We made it, readers! This is the last song from Queen's 1975 release A Night at the Opera. Next week I'm going to have to think of another Queen or solo album or concert to feature. Any suggestions?
Before I jump into the song, I want to say a quick word about the suspension of DavidRFuller's Youtube account.
Some of you may recall me mentioning Mr. Fuller and his absolutely beautiful Queen video's before. He goes above and beyond posting the original music videos and compiles his own videos of photographs and video of the band over the past 40 years. This week, Mr. Fuller's account was suspended for copyright violation due to (fans suspect) the band's new contract with Universal, a particularily litigious company.
Personally, I think Universal (or whoever is behind the suspension) is missing the point of Mr. Fuller's videos. They didn't take anything away from Queen or their songs; rather his videos allowed fans and non-fans alike to appreciate Queen's songs in a way they never had before. It was Mr. Fuller's video for '39 (another song on A Night at the Opera) that encouraged me to begin listening to the Queen songs featuring Dr. May and RT on lead vocals.
The more optimistic fans hope that Mr. Fuller's videos set to rare and unreleased songs were the problem and that those songs are due to appear on expanded rereleases or boxed sets in the new year. Less optimistic fans have their doubts that will happen.
All I can hope is that Mr. Fuller figures out a way to repost his videos in a way that is satisfactory to Universal and/or Queen Productions Ltd. because they truly are wonderful to watch.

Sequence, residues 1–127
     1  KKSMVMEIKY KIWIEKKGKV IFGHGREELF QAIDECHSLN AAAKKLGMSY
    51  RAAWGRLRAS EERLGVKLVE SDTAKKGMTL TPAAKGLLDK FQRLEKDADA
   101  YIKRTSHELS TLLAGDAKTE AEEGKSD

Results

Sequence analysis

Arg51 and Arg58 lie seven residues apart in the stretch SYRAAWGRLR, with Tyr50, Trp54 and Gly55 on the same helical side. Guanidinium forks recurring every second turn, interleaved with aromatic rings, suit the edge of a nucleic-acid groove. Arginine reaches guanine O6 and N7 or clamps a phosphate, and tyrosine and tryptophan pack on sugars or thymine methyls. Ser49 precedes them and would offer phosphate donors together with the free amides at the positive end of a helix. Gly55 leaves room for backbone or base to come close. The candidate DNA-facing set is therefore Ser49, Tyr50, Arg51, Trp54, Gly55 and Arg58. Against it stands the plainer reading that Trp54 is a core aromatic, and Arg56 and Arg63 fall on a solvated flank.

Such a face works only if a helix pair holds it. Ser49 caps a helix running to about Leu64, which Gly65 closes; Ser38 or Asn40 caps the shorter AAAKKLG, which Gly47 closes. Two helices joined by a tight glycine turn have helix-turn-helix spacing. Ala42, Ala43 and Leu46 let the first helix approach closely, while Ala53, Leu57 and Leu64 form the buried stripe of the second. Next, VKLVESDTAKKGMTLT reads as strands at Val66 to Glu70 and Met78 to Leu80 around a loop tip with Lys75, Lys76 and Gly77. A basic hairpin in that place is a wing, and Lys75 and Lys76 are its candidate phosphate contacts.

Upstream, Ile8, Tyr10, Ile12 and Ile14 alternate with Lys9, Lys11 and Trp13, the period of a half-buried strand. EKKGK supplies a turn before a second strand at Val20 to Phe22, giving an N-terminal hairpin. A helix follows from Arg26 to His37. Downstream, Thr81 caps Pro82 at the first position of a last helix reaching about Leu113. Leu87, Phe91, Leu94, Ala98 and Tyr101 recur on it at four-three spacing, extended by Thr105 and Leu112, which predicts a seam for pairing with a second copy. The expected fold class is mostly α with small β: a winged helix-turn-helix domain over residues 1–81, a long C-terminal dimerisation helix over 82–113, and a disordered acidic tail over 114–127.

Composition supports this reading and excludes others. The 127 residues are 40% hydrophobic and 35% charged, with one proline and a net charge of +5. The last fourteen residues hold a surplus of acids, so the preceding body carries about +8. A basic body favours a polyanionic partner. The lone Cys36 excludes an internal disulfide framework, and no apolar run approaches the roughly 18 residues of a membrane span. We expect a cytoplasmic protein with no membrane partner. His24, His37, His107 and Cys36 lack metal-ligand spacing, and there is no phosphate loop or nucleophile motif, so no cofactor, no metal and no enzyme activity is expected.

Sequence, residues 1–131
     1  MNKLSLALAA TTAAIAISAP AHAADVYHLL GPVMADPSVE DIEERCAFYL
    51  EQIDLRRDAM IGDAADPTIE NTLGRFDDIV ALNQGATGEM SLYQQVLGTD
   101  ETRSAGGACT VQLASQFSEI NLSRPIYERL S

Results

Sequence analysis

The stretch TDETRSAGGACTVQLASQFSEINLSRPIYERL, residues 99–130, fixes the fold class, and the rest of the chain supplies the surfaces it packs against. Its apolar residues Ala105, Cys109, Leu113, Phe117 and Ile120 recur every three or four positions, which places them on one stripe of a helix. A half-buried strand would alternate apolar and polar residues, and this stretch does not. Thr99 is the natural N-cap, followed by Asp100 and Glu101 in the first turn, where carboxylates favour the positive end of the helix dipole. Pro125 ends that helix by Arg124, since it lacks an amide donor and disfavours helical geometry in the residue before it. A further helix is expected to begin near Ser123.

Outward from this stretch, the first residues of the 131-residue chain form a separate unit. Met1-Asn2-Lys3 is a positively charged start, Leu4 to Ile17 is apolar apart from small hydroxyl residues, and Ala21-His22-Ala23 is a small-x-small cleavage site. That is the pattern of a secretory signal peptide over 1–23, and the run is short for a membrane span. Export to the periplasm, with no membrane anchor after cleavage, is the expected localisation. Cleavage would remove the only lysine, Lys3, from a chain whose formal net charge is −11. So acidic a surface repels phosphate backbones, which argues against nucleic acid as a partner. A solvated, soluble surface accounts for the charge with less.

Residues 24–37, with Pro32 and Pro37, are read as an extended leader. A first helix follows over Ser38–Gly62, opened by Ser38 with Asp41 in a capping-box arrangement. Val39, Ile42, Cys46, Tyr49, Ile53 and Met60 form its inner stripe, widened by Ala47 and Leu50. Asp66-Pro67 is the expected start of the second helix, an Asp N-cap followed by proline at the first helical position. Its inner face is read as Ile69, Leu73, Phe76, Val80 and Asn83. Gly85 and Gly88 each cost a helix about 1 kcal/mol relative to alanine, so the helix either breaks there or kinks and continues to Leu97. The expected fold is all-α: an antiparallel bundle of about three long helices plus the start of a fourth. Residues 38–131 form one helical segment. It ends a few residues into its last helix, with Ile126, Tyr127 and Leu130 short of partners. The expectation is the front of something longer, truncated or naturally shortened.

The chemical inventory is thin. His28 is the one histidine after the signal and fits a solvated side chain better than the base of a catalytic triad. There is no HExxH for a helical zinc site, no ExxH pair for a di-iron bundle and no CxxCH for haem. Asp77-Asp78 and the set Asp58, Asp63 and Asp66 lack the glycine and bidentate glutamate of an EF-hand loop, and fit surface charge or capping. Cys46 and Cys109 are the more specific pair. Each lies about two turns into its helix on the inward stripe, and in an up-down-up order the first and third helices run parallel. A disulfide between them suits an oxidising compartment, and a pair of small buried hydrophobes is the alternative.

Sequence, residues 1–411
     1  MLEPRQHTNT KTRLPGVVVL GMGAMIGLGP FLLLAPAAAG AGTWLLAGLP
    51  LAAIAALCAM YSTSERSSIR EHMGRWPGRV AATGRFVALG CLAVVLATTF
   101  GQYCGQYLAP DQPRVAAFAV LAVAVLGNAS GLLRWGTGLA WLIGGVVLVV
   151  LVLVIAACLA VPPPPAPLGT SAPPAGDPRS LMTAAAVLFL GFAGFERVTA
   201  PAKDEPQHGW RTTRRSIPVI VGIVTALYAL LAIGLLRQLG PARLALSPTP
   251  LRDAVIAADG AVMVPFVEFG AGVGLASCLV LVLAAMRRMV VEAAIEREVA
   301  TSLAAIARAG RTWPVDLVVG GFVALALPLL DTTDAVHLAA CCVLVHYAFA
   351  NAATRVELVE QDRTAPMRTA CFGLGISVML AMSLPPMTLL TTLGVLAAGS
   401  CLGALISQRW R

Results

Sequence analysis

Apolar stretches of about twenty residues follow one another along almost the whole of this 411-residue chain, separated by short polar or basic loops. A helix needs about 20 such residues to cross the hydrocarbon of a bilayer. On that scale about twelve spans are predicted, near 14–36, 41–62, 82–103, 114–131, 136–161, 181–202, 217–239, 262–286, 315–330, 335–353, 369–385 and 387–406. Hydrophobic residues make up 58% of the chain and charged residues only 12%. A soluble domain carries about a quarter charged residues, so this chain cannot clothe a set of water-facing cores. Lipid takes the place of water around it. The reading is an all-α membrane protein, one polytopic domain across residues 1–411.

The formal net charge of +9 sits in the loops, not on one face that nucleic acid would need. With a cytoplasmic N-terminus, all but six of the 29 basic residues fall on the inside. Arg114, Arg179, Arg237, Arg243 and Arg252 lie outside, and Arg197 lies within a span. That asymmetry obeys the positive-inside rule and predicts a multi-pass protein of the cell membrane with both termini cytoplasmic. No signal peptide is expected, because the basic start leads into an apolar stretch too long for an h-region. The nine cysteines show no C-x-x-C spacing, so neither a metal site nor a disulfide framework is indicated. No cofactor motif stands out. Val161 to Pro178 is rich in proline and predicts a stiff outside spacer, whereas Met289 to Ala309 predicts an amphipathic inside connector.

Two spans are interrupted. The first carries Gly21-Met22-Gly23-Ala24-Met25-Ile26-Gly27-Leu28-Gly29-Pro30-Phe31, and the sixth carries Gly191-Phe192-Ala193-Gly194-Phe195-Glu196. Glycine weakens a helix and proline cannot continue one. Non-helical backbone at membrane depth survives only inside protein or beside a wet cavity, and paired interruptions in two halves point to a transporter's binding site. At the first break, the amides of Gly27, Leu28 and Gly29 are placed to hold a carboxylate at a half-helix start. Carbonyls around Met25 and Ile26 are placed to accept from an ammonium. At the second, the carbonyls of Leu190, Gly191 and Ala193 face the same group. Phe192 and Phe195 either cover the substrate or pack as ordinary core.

Alright onto the song: Good Company was written by Dr. May and is the tenth track on A Night at the Opera. This song is nearly 100% Dr. May with Freddie Mercury not appearing on the track at all and Deaky and RT appearing only to play bass and drums, respectively.
Video courtesy of spaccapassa.
The most surprising thing about this song is that Dr. May used a guitar to record the "horn" parts. He explained to On the Record in 1982: Yeah, that's four different kind of guitars. I was very keen in those days on recreating that sort of atmosphere. I mainly got the sound with small amplifiers. I used John Deacon's little amplifier and a volume pedal. For the trombone and trumpet sounds. I would record every note individually: Do it and then drop in. Incredibly painstaking! It took ages and ages. I listened to a lot of traditional jazz music when I was young, so I tried to get the phrasing as it would be if it were played by that instrument.
Dr. May also played a ukelele on the song and recorded all the lead and backing vocals. In the Making of A Night at the Opera, Dr. May discusses recording the track and demonstrates playing a small ukelele similar to the one his father first taught him to play as a child (click here to watch the bit).